US Department of State
Country Reports on Human Rights Practices
The Marshall Islands Human Rights Practices 1996
The Republic of the Marshall Islands, a self-governing nation
under the Compact of Free Association with the United States,
is composed of 34 atolls in the central Pacific, with a total
land area of about 70 square miles. The approximately 56,000
inhabitants are of Micronesian origin and concentrated primarily
on Majuro and Kwajalein atolls.
The Constitution provides for free and fair elections, executive
and legislative branches, and an independent judiciary. The legislature
consists of the Nitijela, a 33-member Parliament, and a Council
of Chiefs (Iroij), which serves a largely consultative function
dealing with custom and traditional practice. The President is
elected by majority Nitijela vote and he appoints his Cabinet
from its membership.
Under the Compact of Free Association, the United States is responsible
for defense and national security, and the Marshall Islands has
no external security force of its own. The national and local
police forces have responsibility for internal security. These
agencies honor constitutional and legal civil rights protections
in executing their responsibilities.
The economy depends mainly on transfer payments from the United
States. Coconut oil and copra exports, a small amount of tourism,
and the fishing industry generate limited revenues.
The Government fully respects the human rights of its citizens,
but its influence leads to occasional instances of media self-censorship
in sensitive political or cultural areas.
RESPECT FOR HUMAN RIGHTS
Section 1. Respect for the Integrity of the Person, Including
a. Political and Other Extrajudicial Killing
- There were no reports of political or other extrajudicial killings.
c. Torture and Other Cruel, Inhuman, or Degrading Treatment
- There were no reports of politically motivated disappearances.
d. Arbitrary Arrest, Detention, or Exile
- The Constitution expressly forbids such practices, and there were
no reports that officials employed them. Prison conditions, while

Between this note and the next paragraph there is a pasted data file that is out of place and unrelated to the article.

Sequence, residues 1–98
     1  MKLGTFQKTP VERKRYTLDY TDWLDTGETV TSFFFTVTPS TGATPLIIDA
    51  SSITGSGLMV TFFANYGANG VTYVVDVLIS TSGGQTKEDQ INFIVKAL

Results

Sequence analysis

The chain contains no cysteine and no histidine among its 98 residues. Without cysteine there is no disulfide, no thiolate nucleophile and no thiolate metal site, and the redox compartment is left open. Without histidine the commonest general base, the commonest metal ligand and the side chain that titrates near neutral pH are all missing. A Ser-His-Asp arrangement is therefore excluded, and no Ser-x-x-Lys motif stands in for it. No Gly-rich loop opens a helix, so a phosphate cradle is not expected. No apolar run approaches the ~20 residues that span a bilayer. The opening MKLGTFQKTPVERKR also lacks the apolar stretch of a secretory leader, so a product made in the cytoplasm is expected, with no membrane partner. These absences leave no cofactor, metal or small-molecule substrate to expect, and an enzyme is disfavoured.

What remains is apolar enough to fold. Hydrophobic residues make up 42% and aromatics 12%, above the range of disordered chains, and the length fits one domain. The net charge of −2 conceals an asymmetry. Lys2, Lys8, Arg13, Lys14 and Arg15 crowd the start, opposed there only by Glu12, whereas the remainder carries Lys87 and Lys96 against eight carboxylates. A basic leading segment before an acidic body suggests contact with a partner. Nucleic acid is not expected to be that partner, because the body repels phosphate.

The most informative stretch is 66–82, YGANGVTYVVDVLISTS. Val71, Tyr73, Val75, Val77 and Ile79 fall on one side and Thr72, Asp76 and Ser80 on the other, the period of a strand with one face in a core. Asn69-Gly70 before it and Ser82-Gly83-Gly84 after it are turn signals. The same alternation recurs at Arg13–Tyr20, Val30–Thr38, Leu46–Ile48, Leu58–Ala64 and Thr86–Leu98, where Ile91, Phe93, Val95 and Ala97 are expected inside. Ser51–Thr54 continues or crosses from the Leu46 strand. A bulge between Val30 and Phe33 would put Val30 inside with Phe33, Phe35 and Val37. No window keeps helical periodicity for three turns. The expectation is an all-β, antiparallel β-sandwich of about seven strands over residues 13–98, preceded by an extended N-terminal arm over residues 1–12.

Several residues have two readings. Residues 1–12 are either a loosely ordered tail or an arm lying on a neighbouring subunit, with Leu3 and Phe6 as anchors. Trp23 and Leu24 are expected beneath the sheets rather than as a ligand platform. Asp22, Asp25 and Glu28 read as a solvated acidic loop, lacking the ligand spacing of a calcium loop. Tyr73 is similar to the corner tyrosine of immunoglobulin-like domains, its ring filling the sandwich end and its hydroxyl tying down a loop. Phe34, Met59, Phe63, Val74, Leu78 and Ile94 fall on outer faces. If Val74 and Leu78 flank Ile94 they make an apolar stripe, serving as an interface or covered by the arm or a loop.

Spartan, meet minimal international standards. The Government permits visits by human rights monitors.
e. Denial of Fair Public Trial
- The Constitution prohibits arbitrary arrest, detention, or exile,
and the Government observes this prohibition.
f. Arbitrary Interference With Privacy, Family, Home,
- The Constitution provides for the right to a fair trial, and the
Government generally respects this right.
- The Constitution provides for an independent judiciary. However,
the Government has injected itself into judicial matters. The
President assumed and retained the Ministry of Justice portfolio
following his January reelection until his death on December 20.
The Acting President has now assumed the Justice portfolio.
Government interest in an allegedly improper probate procedure
involving the relative of an influential local leader led to the
resignations of the Chief Justices of both the Supreme Court and
the High Court. In another action, legislation, followed by direct
instructions from the Cabinet, caused the Attorney General to
remove from the Social Security Administration a private counsel
who had upset influential individuals by his efforts to collect
outstanding debts from them. In a further action, the legislature
passed a bill denying the application of certain foreign court
money judgment decisions in the Marshall Islands.
- There were no reports of political prisoners.
Section 2. Respect for Civil Liberties, Including:
- The Constitution provides for freedom from such practices, government
authorities respect these prohibitions, and violations are subject
to effective legal sanction.
a. Freedom of Speech and Press
b. Freedom of Peaceful Assembly and Association
The Constitution provides for freedom of speech and the press,
and the Government generally honors these rights in practice.
However, government influence leads to occasional self-censorship
by the media in areas of political or cultural sensitivity. There
are four operating radio stations, one government owned and three
privately owned, including one owned by a prominent member of
the opposition. There is a cable television company which normally